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Muzzleloaders are firearms, including cannons, into which the projectile and the gunpowder charge is loaded from the muzzle of the gun, as the name implies.
The sequence of loading is to put in first the gunpowder, by pouring in a measured amount of loose powder. Sometimes two types of gunpowder were used consisting of finer priming powder for the flash pan and coarser powder for the main charge behind the ball. This was particularly the case with early muzzleloaders such as matchlocks but appears to have been less common with flintlocks and was irrelevant with percussion locks since they used percussion caps instead of priming powder. Wadding was made from felt, paper, cloth or card. In shotguns, the wad was used between the powder and the shot charge to prevent pellets from dropping into the powder charge and on top of the shot charge to hold it in place in the barrel.
The projectiles and wads were then pushed down into the breech with a ramrod until they were firmly seated on the gunpowder charge. Priming powder could be carried in a separate priming flask and poured into the priming pan and the frizzen. The frizzen, historically called the ‘hammer’ or the steel, is an L-shaped piece of steel hinged at the front used in flintlock firearms and is held in one of two positions, opened or closed, by a leaf spring, pushed down to hold the priming powder in place. Then either a priming charge was placed in the priming pan or a percussion cap was placed on the nipple; the cock or hammer was then pulled back and the weapon was ready to fire.
The bullets in today’s rifles are brought up into the chamber from a magazine by a single movement of a bolt. Before, everything had to go down the barrel. There was much that could and often did go wrong which meant that a lot of extra kit had to be carried by the shooter. This included wadding patches and lubricant, powder and shot flasks, powder measure, bullet starter, worm, jag and ball screws, nipple, nipple prick and nipple wrench.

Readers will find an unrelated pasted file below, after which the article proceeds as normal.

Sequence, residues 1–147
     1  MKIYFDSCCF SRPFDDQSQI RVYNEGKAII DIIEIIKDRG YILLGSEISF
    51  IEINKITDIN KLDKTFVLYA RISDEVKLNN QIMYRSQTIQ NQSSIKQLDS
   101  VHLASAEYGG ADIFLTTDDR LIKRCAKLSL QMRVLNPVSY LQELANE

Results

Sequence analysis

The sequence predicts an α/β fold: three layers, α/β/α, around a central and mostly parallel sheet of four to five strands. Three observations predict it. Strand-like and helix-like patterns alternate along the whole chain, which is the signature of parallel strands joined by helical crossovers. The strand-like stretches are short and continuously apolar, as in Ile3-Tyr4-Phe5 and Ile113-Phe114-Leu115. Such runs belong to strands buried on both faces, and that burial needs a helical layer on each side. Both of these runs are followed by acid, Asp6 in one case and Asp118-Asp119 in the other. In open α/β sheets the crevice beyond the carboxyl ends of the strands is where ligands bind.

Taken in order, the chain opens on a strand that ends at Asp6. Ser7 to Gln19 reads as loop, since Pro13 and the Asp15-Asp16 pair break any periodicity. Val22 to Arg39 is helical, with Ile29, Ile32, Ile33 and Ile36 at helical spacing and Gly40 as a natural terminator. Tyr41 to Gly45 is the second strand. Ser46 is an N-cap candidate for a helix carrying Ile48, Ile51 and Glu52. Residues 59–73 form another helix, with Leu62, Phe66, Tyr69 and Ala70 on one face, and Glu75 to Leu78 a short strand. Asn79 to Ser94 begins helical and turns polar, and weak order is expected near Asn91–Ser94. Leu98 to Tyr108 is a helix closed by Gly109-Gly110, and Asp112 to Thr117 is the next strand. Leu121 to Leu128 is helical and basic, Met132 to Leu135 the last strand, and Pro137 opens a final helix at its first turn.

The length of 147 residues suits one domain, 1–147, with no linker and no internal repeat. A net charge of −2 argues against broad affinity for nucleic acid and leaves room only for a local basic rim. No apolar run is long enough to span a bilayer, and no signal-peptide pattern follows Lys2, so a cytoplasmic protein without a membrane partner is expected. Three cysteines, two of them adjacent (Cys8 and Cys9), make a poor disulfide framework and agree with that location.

Powder flasks were made in a variety of materials and shapes, though ferrous metals that were prone to give off sparks when hit were usually avoided. Wood and copper were also popular as was stag antler formed by the base of an inverted Y-shaped horn. So, too, were round, flattened pear-shape designs with straight spouts known in French as ‘poure-poudre’ (powder pear). Larger flasks, triangular in shape with concave rounded sides which, unlike the smaller flasks, could be stood upright on a surface.
Many designs (such as horn and antler types) have a wide sealed opening for filling, and a thin spout for dispensing. Various devices were used to load a precise amount of powder, as it was important not to load too much or too little powder.
The most impressive Scottish 17th and 18th century powder horns were those made from cow horn softened by heat and flattened to give two broad surfaces as seen in the accompanying photograph.
The base of the horn is shut off by a wooden plug held in place by iron or copper nails. This was a permanent fixture and was not removed for filling the horn. The sharp end was cut away to form a nozzle with a wooden stopper for releasing the powder. Most powder horns had holes or lugs in order that they could be carried round the neck or over the shoulder by a cord or leather thong. Being flat, they lay against the wearer’s side more comfortably that the round type.